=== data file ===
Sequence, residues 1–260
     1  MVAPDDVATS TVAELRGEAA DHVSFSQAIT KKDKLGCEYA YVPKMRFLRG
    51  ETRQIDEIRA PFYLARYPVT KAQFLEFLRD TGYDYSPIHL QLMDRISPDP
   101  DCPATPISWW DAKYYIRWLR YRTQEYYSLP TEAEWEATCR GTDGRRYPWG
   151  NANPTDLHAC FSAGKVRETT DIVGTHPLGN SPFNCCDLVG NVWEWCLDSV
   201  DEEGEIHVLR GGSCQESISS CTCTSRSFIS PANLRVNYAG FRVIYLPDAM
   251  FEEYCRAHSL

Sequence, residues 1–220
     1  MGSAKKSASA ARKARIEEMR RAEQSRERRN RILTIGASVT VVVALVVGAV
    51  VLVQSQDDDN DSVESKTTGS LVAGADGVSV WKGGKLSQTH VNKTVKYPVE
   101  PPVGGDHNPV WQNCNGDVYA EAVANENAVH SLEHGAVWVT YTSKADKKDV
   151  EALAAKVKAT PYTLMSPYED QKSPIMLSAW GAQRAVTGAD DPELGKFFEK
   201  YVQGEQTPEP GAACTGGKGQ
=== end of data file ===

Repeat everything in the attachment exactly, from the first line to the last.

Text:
Sequence, residues 1–260
     1  MVAPDDVATS TVAELRGEAA DHVSFSQAIT KKDKLGCEYA YVPKMRFLRG
    51  ETRQIDEIRA PFYLARYPVT KAQFLEFLRD TGYDYSPIHL QLMDRISPDP
   101  DCPATPISWW DAKYYIRWLR YRTQEYYSLP TEAEWEATCR GTDGRRYPWG
   151  NANPTDLHAC FSAGKVRETT DIVGTHPLGN SPFNCCDLVG NVWEWCLDSV
   201  DEEGEIHVLR GGSCQESISS CTCTSRSFIS PANLRVNYAG FRVIYLPDAM
   251  FEEYCRAHSL

Sequence, residues 1–220
     1  MGSAKKSASA ARKARIEEMR RAEQSRERRN RILTIGASVT VVVALVVGAV
    51  VLVQSQDDDN DSVESKTTGS LVAGADGVSV WKGGKLSQTH VNKTVKYPVE
   101  PPVGGDHNPV WQNCNGDVYA EAVANENAVH SLEHGAVWVT YTSKADKKDV
   151  EALAAKVKAT PYTLMSPYED QKSPIMLSAW GAQRAVTGAD DPELGKFFEK
   201  YVQGEQTPEP GAACTGGKGQ